Poll of Perot Voters Finds No Move Back to Parties
ROSS PEROT'S supporters are ignoring entreaties from the major political parties to form a powerful "radical middle" in American politics, according to a study commissioned by the Democratic Leadership Council.
The national survey of 1,200 Perot voters, released yesterday, showed strong allegiance to Mr. Perot himself, despite doubts about his ability to serve as president and many policy differences within the Perot constituency.
The poll, which was conducted in late April and with special focus groups in May, said alienation from government was the glue holding together the diverse coalition that gave Perot nearly 20 percent of the vote last November.
That solidarity defies the history of past independent and third-party candidacies, whose supporters have usually begun trickling back to the major parties soon after elections.
The research also attributed the group's solidarity to a distinct reluctance of these independent-minded voters to align themselves with the Democratic or Republican Parties.
The study was designed to help map a strategy for President Clinton to court Perot supporters. The poll and a series of subsequent "focus group" discussions with Perot supporters in California, Ohio, and Maine showed many shared Mr. Clinton's policy goals and were open to supporting him - if he delivered on deficit-reduction, welfare reform, and other major promises.
But it also showed that Perot supporters are skeptical that Clinton can produce, and they doubt his leadership skills. Doubts on health-care reform
Most Americans doubt that Clinton administration plans to overhaul the nation's health-care system will lower their health-care bills or improve the quality of care they receive, new polls show.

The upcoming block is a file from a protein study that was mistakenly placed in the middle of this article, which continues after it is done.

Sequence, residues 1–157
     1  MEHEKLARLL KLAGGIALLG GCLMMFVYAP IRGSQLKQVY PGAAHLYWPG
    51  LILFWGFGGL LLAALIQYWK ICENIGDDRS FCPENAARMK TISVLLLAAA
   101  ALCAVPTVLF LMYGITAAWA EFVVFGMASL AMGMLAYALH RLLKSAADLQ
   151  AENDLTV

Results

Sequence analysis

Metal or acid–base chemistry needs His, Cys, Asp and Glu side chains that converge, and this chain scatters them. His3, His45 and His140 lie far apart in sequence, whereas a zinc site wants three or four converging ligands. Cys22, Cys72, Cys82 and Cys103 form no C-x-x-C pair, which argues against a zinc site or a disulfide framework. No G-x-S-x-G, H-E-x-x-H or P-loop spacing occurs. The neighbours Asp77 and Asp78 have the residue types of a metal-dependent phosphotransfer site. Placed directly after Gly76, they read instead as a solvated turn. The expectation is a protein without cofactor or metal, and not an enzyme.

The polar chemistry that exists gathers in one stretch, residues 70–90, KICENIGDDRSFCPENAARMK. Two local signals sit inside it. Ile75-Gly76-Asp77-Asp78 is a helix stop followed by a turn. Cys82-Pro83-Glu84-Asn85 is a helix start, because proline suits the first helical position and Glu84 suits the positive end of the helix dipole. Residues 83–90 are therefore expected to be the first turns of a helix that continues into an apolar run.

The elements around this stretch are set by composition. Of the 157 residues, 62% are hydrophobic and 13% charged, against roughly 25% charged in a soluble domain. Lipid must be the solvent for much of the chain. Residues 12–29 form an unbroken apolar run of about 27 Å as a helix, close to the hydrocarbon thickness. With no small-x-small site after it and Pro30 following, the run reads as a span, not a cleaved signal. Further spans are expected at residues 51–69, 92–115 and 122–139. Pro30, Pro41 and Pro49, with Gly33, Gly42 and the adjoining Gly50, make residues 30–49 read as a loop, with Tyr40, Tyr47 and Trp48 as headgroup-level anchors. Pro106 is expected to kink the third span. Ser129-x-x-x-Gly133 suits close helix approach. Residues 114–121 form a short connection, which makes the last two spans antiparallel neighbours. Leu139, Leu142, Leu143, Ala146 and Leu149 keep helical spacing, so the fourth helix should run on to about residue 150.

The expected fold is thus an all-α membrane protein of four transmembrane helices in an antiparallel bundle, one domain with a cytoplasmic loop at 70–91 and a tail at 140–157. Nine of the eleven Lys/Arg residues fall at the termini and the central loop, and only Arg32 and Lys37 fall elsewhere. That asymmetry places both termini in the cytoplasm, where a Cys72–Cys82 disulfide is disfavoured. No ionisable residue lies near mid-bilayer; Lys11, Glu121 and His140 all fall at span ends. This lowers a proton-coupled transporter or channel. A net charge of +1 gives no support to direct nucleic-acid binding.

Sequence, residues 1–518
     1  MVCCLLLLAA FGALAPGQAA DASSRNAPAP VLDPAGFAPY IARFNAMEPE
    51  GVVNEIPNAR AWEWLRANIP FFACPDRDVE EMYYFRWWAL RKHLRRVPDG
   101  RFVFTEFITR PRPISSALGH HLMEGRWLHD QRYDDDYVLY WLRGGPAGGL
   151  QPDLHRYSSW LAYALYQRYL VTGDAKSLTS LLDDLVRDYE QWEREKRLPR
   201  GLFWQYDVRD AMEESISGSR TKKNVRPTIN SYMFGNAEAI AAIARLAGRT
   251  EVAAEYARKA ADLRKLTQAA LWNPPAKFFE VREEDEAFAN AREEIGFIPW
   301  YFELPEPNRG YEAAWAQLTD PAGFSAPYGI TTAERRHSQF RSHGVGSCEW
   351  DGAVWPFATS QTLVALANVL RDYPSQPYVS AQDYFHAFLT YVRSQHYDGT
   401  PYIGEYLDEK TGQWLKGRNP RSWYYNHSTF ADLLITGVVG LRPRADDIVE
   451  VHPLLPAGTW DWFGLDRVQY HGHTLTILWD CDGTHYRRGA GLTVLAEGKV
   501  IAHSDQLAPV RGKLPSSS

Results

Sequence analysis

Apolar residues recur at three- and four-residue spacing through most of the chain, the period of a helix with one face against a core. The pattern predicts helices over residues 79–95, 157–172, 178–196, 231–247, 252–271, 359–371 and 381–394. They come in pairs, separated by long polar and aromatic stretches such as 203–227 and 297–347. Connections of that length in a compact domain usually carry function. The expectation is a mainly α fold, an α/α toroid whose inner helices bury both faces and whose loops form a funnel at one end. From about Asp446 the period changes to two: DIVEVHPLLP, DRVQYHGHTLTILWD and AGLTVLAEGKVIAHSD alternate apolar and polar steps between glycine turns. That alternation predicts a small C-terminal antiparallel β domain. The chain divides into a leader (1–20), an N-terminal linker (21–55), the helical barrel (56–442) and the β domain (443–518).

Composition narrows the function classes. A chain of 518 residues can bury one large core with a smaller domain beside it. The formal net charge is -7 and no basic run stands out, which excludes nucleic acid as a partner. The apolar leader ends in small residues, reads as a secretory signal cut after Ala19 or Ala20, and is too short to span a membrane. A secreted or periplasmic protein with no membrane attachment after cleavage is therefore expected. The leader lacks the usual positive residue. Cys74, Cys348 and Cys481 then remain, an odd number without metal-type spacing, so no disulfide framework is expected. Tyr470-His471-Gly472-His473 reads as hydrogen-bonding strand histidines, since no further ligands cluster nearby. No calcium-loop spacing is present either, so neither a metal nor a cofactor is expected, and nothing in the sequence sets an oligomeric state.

The Washington Post-ABC News polls showed that many Americans are growing impatient with the administration's progress on health-care reform, but that most expect little if any substantial progress.
The surveys, published in yesterday's editions of the Post, found that 44 percent of Americans approved of the way President Clinton is handling health care, down from 56 percent two months ago. And 46 percent said Clinton was moving too slowly on the issue, while 23 percent thought he was going too fast. According to the polls, 47 percent of Americans expect minor improvements as a result of Clinton's efforts. US rejects Qaddafi compromise on bomb suspects
The United States rejected on Tuesday an offer by Libyan leader Muammar Qaddafi for the conditional release of two Libyan suspects wanted in the bombing of Pan Am Flight 103 in 1988. Mr. Qaddafi said he would be willing to release the two "for trial anywhere in the world" except the US and Britain.
Qaddafi made the proposal to the Rev. Jesse Jackson last month and repeated it in a recent interview with the Washington Times.
"The channel for contact on Pan Am 103 is the U.N. secretary-general," said State Department press officer Sondra McCarty.
"Qaddafi knows exactly what he must do in order to comply fully with relevant Security Council resolutions. The United Nations Security Council requirements are not open for negotiations."
The UN has imposed sanctions on Libya for refusing to turn over the suspects in the December 1988 bombing of the jetliner over Lockerbie, Scotland, which killed 270 people.